SCOTTSDALE

Wylder Laffoon was just seven months old when his parents, Steven and Shannon Laffoon, learned their son had a rare, genetic disease that meant he would not live past age 3.

Wylder died when he was three years old in July 2012 of Niemann-Pick Type A, but his legacy lives on through the Wylder Nation Foundation. His parents founded the nonprofit to support doctors and researchers who are trying to find a cure for the disease.

“The mission is to improve the lives of children diagnosed with these rare diseases…and provide hope by accelerating the discovery and development of treatment options,” Steven Laffoon said.

578e671402896.imageThe foundation is donating funds to TGen, the Phoenix research initiative that is studying a group in Chile that carries the genetic markers for Niemann-Pick.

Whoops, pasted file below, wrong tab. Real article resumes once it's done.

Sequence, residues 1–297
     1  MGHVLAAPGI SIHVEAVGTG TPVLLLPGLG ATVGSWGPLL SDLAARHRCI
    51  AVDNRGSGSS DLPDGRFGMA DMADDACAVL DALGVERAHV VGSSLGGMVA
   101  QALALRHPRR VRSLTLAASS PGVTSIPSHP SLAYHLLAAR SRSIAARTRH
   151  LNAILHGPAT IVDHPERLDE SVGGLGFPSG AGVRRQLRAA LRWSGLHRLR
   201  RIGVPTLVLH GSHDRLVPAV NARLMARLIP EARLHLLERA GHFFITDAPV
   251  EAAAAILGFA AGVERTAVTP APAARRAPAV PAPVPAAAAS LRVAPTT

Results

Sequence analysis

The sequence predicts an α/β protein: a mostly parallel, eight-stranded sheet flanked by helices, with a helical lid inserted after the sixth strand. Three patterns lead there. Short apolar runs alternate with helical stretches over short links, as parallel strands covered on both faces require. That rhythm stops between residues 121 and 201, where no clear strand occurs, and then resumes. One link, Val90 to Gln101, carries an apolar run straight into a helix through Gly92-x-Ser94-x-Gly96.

Niemann-Pick type A is the most severe type of the disease, causing children to die in early childhood. It causes children to grow an enlarged spleen and liver, dangerously slows their rate of growth, damages their lungs, and inhibits their mental abilities and mobility. There is no cure and death is guaranteed.

Niemann-Pick has three different types — type A, B, and C, (which can be split into C1 and C2. Type A and B are the more rare forms of the disease, although children who have type B can reach adulthood.

“At the root cause, they have a change in their DNA blueprint that affects an enzyme … something in the body that metabolizes the things we eat, for example, into other chemicals,” said Matt Huentelman, professor of neurogenomics at TGen. “And the defect in that enzyme forces the build up of something that is very toxic to the kids. And that ends up in…eventually, death for the kids.

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